‘À Rebours’ - A photographic exhibition by Pat Brassington.
On show at ACCA 11th August - 23rd September.
Roald Dahl writes of a Big Friendly Giant (the BFG) who captures dreams with a butterfly net and stores them in labeled, glass jars in his cellar. Each night, Dahl’s BFG gently blows a carefully selected dream – through a trombone – into a sleeping child’s bedroom. Stepping into Pat Brassington’s ‘À Rebours’ exhibition at the Australian Centre for Contemporary Art is like stepping into the BFG’s storeroom of dreams - for adults.
Before delving into the cocoon of Brassington’s dreaming, it is first important to clarify the meaning of the words ‘À Rebours’ in context of this review. Brassington has taken her show’s title from the French writer JK Huysmans’ controversial book ‘À Rebours’; a novel that inspired many thinkers and artists, including the surrealists. À Rebours’ provoked their inner yearnings to produce works of a licentious manner.
However, rather than concluding that Brassington’s ‘À Rebours’ means ‘unnatural,’ (as intended by Huysmans) it’s possible to resolve that a few words can be added after the title: ‘against nature’ yet coherently human. This allows for the BFG’s way in which Brassington can blow familiar ideas into our minds. Rather than presenting never seen before images, Brassington gently reminds us that our dreams are grown from the imaginings of our own conscience.
The subject matter in Brassington’s photographs are commodities that the viewers of ACCA would recognize: a coat hanger, a doll or a curtain. Yet these mindless things are reborn by Brassington’s camera and fetishized through a repetitious distortion of their legitimacy. The most dominant technique in which she does so in ‘À Rebours’ is the way she focuses a particular concept through colour. In this way, Brassington seems to mirror the practice exemplified by the Baroque master Caravaggio: chiaroscuro.
Yet not all photographs are coloured, nor are the coloured photographs placed side by side. Similar palettes of colour provide a fluid path for the viewer to wander through the three chambers of the exhibition space. Having said this, the colour palette is limited to selected areas of either pink, blue or a hue of green.
All chambers of photographs are fitted down the middle with a hospital blue wall. This colour is spotted throughout the rest of the exhibition, appearing first on a doll’s headless dress and showing up in the weave of photographed curtains or other fabrics. The blue is found in situations that could be recognized as a portrait of innocence, though there is something distinctly impossible about the content. The brain cannot rationally accept such a situation, though somehow it feels real. Radar, 2009 presents a cropped image of a doll’s body that seemingly has two feet planted on the ground. At the same time, a light globe dangles from a visible roof in replace of the doll’s head. The perspective of the roof combined with that of the grounded doll’s body is of the Cubist discipline, yet the lucid subject matter begs a surrealist affinity.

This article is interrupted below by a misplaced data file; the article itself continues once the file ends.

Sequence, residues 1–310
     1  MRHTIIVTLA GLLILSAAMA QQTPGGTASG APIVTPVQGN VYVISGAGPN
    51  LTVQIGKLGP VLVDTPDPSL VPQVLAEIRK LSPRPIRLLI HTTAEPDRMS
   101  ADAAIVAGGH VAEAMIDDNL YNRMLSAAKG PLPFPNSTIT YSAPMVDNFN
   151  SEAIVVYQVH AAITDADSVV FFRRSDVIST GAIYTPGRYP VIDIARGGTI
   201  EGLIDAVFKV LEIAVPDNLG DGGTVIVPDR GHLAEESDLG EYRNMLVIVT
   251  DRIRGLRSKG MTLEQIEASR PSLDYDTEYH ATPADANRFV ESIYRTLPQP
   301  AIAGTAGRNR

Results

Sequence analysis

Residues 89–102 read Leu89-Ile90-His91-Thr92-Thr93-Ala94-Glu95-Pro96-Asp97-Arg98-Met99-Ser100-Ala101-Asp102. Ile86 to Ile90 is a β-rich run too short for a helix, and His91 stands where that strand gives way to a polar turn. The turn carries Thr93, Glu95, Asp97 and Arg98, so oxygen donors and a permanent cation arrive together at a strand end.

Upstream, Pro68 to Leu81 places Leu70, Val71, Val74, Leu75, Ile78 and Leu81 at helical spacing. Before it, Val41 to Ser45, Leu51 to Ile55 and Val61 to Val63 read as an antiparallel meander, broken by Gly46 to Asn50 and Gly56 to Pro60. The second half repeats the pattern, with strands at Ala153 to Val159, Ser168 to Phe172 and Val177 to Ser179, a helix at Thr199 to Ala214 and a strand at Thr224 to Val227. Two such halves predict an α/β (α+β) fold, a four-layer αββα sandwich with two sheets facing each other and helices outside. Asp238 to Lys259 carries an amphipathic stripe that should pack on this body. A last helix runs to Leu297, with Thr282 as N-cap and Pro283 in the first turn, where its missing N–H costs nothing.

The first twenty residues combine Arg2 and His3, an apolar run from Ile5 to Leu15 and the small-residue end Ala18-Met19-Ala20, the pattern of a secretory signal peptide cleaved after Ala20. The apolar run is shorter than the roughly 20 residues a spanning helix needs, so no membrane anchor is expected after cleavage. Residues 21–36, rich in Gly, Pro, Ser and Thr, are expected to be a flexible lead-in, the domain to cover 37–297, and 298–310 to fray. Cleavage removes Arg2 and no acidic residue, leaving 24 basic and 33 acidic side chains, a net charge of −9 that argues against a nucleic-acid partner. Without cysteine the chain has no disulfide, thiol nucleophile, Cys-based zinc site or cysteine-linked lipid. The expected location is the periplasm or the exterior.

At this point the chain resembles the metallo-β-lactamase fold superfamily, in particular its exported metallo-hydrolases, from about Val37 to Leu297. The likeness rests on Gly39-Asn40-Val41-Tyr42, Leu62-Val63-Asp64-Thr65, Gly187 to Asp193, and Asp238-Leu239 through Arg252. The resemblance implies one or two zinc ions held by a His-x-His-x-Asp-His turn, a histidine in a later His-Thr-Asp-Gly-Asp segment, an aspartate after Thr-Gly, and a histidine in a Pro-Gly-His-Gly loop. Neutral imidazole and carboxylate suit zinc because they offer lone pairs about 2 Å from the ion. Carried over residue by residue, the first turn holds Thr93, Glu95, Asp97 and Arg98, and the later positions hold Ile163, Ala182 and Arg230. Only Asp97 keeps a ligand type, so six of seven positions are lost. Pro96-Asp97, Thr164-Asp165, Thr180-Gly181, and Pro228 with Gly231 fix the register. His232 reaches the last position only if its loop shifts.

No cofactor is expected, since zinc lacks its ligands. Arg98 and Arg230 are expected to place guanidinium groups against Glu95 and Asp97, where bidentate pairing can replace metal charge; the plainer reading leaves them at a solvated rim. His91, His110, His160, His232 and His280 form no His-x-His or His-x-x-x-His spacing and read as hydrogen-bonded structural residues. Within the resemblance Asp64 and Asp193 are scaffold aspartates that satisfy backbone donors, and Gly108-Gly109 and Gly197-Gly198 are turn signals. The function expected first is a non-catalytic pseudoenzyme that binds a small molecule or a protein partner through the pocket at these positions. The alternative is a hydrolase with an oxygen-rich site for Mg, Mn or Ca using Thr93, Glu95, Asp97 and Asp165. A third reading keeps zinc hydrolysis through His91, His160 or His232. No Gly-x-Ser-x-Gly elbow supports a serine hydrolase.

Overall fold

Rather than adhering to the apposition of innocence with the impossible in her blue works, it can be firmly understood that any time Brassington has used a musky pink she has paired innocence with sexuality. Brassington’s ‘Gentle’ series from 2001 epitomizes this concept. Floating and elongated tongues lick the center of their frames; female genitalia covered by pink underwear or pink silk fill up entire compositions; soft pink bubbles gently rest upon porcelain skin. It should be noted though, that all photographs with a pink dusting are of female subjects and they are all young women. This section of the dream world ‘À Rebours’ offers a commentary on the way the viewer dreams of women. Each photograph is relatable and forces the viewer into a voyeuristic position.
‘Untitled h’ from Brassington’s series ‘Cambridge Road’ 2007 holds within its frames a realm of conflictions: horror vs. fantasy, ugly vs. beauty, innocence vs. sexuality. A sickly green hue fills the photograph like gas. A green carpet fills the negative space between an empty wooden bed and a suggestion of a table. However, this seemingly negative space is the crux of the photograph. It throws the eye into a vicious cycle that draws it into a darkened space under the looming bed and quickly back out again due to the soft patch of sunlight resting on its surface. This cycle is similar to that of recurring dreams: sometimes it’s the same dream all over again, and sometimes the cycle is slightly altered, causing the viewer to notice the shadowed table before looping back to the green carpet. This constant motion suggested by an almost empty photograph is the epitome of Brassington’s ability to draw the viewer in and then send them shuddering on their way.
Whether or not Roald Dahl’s tangible dreams are strictly G rated, Brassington has found a way to capture them with her butterfly net camera. In doing so, Brassington has captured the methodology of dreaming and presented tangible dreams.
By Grace Slonim
Grace Slonim is an Australian born artist, who has exhibited in Italy and Melbourne, Australia. Grace specializes in photography and the moving image, as well as painting and undertaking installation based pieces. Grace has a particular interest in and motivation towards making art available and understandable to the general public.